If a rice producer in a producer state wishes to transfer his "rice history acreage" to another, subsections 1353(f)(2) and (3) govern.7 A producer may transfer his interest to other members of his family with relative ease, see id., subsection (f)(2), but more stringent conditions apply when the transferee is not a member of the transferor's family. In this case, the transferor must permanently withdraw from rice production; and the transferee must have prior rice-producing experience, must acquire the entire farming operation pertaining to rice, except for land and irrigation equipment permanently attached to the land, and must actually plant at least 90 percent of his total producer rice acreage allotment in at least three of the four years following the transfer. See id., subsection (f)(3).
It must be understood that a "producer rice allotment" is an interest entirely different from "rice history acreage." A "producer rice allotment" for a year gives a rice producer the right to grow and market in that year a number of acres of rice free from payment of the penalty levied by Section 1356. This right only relates to the year of the allotment. "Rice history acreage," in contrast, is an interest that entitles its owner to receive "producer rice allotments" each year that the rice allotment program is in operation. At least ninety-seven percent of a state's acreage allotment for a year must be apportioned to farms operated by persons who produced rice in the state in at least one of the five prior years. See 7 U.S.C.A. § 1353(b), supra. Thus, possession of "rice history acreage," although not an absolute statutory prerequisite to the receipt of "producer rice allotments," substantially increases the likelihood of receiving "producer rice allotments" each year.
The statutory scheme appears to require that a national acreage allotment be set and then apportioned in each year. See 7 U.S.C.A. §§ 1352 & 1353, supra. However, in years in which farm marketing quotas are not in effect, the allotment program has no effect because there is no penalty for growing rice without allotments in those years. Since the administrative costs of apportioning the allotments in such a year would serve no useful purpose, it is likely that no allotments would be issued in a year in which marketing quotas were not in operation.8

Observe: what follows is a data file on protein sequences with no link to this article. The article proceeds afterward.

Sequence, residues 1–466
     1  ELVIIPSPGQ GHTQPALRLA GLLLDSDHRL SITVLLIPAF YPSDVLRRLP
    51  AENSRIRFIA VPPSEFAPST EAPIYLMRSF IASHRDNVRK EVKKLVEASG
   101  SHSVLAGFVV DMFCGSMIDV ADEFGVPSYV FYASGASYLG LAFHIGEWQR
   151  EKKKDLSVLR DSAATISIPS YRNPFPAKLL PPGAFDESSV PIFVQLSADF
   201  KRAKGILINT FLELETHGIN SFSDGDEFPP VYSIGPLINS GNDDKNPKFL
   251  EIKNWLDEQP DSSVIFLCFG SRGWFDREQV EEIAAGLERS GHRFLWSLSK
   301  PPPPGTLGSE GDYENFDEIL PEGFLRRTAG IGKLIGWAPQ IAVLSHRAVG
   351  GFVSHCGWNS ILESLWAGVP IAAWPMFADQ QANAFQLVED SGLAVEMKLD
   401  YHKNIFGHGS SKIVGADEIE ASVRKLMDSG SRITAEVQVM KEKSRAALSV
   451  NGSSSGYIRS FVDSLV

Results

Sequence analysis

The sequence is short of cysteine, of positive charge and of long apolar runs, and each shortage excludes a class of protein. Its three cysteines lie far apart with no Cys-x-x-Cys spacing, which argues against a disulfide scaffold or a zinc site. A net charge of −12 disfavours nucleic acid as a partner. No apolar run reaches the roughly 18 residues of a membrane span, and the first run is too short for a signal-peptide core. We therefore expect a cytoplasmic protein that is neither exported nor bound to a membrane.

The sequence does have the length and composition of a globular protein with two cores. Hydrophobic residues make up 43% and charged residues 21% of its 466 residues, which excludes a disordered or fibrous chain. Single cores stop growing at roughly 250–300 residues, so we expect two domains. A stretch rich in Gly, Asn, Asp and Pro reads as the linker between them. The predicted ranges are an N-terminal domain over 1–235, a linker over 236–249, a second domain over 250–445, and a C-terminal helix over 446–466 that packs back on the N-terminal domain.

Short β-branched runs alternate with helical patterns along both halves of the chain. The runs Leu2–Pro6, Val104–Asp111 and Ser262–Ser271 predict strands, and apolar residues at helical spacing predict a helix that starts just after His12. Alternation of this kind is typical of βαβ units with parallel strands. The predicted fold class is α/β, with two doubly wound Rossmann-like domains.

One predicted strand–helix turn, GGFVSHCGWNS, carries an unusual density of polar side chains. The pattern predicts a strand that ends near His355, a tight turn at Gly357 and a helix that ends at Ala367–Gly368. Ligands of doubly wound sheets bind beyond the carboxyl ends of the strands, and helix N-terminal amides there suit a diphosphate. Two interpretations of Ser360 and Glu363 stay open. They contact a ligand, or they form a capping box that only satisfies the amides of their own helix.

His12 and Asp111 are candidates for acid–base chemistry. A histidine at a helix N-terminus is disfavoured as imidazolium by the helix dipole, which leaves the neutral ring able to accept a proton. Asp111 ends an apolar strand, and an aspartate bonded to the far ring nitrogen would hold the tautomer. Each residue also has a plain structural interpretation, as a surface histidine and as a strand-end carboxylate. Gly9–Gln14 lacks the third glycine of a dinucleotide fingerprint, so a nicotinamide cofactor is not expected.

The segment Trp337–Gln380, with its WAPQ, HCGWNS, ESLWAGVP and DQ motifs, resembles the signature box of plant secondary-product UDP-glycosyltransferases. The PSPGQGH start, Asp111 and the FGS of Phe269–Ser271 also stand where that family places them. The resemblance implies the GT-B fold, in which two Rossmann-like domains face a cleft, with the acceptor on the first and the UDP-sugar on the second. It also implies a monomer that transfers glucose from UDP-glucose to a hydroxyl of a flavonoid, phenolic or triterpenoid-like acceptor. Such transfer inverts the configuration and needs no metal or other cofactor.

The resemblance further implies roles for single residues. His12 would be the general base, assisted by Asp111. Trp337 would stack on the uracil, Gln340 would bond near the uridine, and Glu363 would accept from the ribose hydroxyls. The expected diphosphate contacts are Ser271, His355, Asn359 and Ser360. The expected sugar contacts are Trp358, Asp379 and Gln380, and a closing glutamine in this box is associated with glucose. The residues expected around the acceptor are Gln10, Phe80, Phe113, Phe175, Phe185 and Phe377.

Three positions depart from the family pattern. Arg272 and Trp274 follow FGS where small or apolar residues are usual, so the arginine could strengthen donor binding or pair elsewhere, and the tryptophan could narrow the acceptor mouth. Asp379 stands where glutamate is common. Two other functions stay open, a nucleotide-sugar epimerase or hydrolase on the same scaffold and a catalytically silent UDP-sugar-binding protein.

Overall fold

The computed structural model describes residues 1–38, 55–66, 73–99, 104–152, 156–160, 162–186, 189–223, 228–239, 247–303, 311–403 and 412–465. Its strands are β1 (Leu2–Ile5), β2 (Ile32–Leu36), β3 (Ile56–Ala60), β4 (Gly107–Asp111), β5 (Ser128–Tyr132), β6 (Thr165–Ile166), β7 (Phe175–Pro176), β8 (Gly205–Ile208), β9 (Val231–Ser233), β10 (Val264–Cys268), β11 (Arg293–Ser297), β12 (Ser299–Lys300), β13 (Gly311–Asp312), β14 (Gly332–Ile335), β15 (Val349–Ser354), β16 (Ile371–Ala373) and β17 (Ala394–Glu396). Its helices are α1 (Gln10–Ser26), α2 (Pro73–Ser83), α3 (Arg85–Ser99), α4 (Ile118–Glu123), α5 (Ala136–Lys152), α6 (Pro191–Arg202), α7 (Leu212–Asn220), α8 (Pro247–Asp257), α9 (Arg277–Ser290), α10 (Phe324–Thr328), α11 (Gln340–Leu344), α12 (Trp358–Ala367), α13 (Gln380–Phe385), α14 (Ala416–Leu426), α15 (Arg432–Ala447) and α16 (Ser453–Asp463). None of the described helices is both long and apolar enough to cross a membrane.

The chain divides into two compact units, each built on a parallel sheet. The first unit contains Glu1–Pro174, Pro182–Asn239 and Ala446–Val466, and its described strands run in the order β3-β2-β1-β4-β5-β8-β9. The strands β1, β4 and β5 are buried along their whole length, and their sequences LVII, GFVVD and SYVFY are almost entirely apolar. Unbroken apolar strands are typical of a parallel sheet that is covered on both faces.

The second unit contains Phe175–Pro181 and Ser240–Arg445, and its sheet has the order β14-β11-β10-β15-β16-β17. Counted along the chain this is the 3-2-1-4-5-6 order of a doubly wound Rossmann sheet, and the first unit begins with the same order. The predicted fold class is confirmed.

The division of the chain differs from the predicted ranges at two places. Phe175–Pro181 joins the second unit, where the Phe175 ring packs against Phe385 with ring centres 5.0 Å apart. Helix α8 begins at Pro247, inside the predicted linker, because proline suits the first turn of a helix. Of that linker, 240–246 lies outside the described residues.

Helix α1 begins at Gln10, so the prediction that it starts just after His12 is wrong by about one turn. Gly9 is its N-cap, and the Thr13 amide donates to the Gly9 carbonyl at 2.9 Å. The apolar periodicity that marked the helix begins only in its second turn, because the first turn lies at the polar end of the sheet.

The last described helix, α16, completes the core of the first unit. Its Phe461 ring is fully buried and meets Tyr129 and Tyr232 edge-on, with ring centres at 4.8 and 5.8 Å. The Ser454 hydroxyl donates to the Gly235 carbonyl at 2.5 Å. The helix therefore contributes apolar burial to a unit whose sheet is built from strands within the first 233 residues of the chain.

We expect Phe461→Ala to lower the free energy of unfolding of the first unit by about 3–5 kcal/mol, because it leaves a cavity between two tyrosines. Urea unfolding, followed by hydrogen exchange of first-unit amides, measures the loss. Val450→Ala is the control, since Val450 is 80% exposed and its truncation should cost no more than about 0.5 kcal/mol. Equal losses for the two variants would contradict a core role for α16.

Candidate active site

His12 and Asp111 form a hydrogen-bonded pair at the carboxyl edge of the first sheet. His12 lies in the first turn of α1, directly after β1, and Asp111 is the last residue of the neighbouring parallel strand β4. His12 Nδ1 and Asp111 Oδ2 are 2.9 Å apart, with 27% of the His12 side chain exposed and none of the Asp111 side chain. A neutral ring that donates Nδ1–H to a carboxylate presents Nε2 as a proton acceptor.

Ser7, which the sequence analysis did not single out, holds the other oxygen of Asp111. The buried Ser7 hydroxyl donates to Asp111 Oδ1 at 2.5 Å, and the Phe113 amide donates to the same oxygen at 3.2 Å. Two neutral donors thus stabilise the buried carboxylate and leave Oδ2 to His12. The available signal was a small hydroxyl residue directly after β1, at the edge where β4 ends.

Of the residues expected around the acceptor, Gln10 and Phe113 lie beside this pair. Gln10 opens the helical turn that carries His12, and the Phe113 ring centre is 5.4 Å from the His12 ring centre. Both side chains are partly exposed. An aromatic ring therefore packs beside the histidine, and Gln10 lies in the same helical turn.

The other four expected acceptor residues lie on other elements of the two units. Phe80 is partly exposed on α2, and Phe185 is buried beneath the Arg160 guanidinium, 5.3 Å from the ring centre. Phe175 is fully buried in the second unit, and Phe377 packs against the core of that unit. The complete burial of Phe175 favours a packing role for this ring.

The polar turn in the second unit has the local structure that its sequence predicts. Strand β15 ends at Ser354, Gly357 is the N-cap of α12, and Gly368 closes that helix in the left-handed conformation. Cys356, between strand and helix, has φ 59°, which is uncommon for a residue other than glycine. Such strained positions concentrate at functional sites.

Although the statutory scheme makes no provision for the transfer of "producer rice allotments," it does contemplate and provide for the transfer of "rice history acreage." See slip op. pp. ---- - ----, p. ---- - ----, supra. The regulations promulgated by the Department of Agriculture which were in effect in 1973, however, permit the transfer of producer rice allotments.9 They contain no separate provisions for the transfer of "rice history acreage; " however, they contemplate that a producer's rice acreage history will always be transferred along with the producer's rice allotments. See 7 C.F.R. § 730.76, n.9 supra. The regulations create a "season" for trading in rice allotments which runs from the issuance of the allotments (allotments appear to have ordinarily been issued on approximately January 1) until the end of March. See 7 C.F.R. §§ 730.72 & 730.76, supra. For a transfer of an allotment to be effective, a number of conditions must be met, one of which is that certain information must be furnished the county committee by April 1. See 7 C.F.R. § 730.76(a)(2), supra. The April 1 date can be extended, but only if certain fairly stringent conditions are met. See id. § 730.76(a)(3), § 730.72(b). Ordinarily, the allotments must be allocated to the producer's farms by May 1 or they will not be taken into consideration in the establishment of the marketing quota for each farm, although the May 1 date will also be waived under certain circumstances. See id. § 730.72(b).
II. Facts and Proceedings Below
With the statutory and regulatory framework in mind, we turn to the facts and procedural history of this case. The facts are undisputed. The decedent, T. J. Babb, died on July 4, 1973. He had been engaged for many years in the production of rice, and had annually been granted rice allotments under the Act since at least 1958. By notices dated December 1, 1972, and May 1, 1973, Babb was issued producer rice allotments of 1208.3 acres. Prior to the deadline of May 1, 1973, in compliance with the applicable regulations, Babb allocated his 1973 allotment to farms on which he intended to produce rice for the crop year 1973.
At the time of his death, no producer rice allotment for 1974 had been determined for or issued to Babb. After Babb's death, by notice dated March 28, 1974, a producer rice allotment of 1142.6 acres was issued to his estate.
The estate tax return filed by the First Victoria National Bank, appellee here, as executor included no amount for either the value of decedent's interests in the rice allotment program or the value of the rice crop growing on July 4, 1973. After examination of the return by an agent of the Internal Revenue Service, the Service determined that items of $50,000, representing the value of crops growing on July 4, 1973, and $285,600,10 representing the value of decedent's rice producer allotment and rice production history, were includable in the gross estate.